“AOL users will become dissatisfied when they don’t receive the e-mail that they want, and when they complain to the senders, they’ll be told, ‘it’s AOL’s fault,’ ” said Richi Jennings, an analyst at Ferris Research, which specializes in e-mail.

Well said. Just wait until AOL customers realize they aren’t getting order confirmations, notifications, and other email’s because the sender won’t pay.

Another concern not really discussed is the possibility of having a Level 3/Cogent style battle where one ISP refuses to let another email their customers, because they aren’t getting paid what they feel they should.

Right now, email is essentially 100% peered. Everyone emails everyone, nobody charges. You pay your ISP to run the mail server, and that’s it. If commercial entities need to pay to email you, your going to get separate charges. Want an email when your order ships? Pay extra. Want an email when this item is back in stock? Pay extra.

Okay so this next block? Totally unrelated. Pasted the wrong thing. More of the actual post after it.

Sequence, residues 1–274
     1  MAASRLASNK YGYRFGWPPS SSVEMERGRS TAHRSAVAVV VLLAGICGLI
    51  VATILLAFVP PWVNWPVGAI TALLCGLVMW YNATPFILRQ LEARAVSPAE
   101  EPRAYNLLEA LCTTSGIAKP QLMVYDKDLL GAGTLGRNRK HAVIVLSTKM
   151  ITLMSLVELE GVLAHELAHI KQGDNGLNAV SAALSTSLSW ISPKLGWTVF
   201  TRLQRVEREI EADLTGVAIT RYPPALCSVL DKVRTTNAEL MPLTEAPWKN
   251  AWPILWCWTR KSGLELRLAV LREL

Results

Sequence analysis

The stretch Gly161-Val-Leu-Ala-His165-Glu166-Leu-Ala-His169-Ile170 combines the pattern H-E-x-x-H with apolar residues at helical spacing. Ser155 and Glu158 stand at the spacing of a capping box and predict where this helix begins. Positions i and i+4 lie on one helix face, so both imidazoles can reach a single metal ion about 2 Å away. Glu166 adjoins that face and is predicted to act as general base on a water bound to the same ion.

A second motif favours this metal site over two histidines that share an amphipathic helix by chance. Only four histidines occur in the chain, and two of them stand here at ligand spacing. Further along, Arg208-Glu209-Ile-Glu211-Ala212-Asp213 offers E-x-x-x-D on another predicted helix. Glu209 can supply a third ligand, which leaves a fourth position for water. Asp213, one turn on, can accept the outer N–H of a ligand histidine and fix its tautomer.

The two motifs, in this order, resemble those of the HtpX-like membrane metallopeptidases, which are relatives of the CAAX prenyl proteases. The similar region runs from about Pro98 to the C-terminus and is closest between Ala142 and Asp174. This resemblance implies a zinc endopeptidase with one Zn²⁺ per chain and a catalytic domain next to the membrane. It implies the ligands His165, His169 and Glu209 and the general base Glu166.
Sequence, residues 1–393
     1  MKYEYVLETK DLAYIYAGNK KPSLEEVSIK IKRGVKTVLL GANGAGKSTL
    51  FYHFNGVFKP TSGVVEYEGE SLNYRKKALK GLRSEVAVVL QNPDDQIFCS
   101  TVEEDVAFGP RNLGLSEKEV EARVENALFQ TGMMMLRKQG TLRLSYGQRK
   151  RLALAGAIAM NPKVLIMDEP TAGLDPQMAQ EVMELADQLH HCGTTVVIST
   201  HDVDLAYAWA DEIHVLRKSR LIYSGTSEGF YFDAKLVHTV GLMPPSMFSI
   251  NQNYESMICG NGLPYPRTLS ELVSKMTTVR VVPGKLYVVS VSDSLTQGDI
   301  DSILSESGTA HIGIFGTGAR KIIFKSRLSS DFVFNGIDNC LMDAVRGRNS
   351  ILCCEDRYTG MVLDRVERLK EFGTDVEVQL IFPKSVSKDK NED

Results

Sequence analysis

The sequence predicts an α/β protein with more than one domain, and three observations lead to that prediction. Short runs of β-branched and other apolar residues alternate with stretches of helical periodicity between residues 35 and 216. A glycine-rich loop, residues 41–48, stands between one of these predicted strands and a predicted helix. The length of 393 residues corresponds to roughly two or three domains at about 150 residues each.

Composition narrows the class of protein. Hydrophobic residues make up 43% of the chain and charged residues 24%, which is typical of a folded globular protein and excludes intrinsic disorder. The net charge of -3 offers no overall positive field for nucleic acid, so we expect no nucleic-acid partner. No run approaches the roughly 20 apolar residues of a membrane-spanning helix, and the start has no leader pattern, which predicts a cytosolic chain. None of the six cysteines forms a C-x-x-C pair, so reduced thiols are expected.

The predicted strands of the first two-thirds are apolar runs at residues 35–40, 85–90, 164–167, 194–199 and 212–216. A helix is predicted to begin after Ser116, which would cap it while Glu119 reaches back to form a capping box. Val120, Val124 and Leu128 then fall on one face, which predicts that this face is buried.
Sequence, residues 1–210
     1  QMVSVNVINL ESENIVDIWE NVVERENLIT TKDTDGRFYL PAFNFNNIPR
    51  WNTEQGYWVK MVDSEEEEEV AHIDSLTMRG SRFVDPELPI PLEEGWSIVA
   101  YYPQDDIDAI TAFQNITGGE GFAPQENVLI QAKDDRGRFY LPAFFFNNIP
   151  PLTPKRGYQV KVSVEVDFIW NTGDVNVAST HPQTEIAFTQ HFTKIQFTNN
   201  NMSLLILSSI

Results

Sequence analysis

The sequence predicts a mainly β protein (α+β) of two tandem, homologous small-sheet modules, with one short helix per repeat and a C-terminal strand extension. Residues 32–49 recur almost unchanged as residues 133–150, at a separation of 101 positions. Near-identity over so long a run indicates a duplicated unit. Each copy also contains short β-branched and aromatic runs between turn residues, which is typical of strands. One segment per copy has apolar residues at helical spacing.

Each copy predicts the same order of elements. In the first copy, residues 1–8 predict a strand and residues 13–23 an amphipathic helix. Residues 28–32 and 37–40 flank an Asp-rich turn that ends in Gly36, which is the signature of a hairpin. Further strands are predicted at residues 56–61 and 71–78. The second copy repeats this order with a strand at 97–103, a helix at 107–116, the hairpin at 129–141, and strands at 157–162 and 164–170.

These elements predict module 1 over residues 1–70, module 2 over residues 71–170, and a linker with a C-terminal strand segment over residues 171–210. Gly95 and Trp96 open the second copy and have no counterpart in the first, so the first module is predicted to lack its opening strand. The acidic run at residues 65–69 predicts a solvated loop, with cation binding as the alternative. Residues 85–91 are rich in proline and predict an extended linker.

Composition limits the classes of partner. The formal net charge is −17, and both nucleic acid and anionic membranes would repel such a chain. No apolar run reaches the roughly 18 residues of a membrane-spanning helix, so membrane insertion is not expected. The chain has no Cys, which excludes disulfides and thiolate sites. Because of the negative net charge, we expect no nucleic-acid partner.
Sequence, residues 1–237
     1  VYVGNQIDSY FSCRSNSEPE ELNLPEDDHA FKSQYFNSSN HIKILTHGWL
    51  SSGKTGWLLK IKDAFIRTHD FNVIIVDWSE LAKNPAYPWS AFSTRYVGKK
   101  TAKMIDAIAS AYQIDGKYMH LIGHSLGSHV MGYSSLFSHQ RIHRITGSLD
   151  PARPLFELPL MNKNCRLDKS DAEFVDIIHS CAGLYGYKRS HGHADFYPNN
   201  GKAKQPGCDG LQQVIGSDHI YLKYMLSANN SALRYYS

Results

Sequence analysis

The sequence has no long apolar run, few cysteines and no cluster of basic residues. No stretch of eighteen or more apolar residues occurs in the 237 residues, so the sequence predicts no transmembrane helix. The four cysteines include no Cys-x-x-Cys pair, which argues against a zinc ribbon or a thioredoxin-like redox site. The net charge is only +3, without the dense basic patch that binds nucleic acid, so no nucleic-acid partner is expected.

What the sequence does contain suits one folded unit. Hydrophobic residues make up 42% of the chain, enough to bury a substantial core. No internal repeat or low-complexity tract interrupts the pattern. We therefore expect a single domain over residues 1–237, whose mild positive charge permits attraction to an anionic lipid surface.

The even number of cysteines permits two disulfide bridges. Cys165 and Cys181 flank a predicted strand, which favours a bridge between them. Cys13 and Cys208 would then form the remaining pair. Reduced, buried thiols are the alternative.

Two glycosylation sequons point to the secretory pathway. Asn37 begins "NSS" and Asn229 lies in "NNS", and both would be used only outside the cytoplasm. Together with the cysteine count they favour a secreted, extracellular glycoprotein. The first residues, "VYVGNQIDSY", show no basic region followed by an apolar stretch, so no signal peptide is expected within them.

This is a very slippery slope. Just one or two greedy ISP’s is all you need to ruin email. Once you can’t reliably email, the system is dead. Spam can reduce efficiency, but can’t kill email. Remember Email is by far the most used protocol in business.

I doubt this system will do anything to reduce spam for AOL customers. It will however help AOL’s revenue, which I’m assuming is the real goal. A slightly bold move as AOL is assuming their customers won’t mind not getting all the legitimate email they would if they used a free Gmail or even Hotmail account.

There’s also a decent possibility AOL customers might have to pay merchants an email fee when they buy products, to help cover that cost. Of course merchants eventually will sneak in their percentage there, further hiking prices.

Personally, I think this biggest threat is a Level 3/Cogent style dispute.

Should also note there’s currently a lot going on over Net Neutrality. Google’s been thrown into the middle of that, merely because of how ubiquitous the company is. Vint Cerf’s letter on the topic is really a must read. Paying for email right is really just an inverted case of network neutrality. Instead of the middle man dictating who you can/can’t communicate with, the next ISP down the line decides. That’s no better.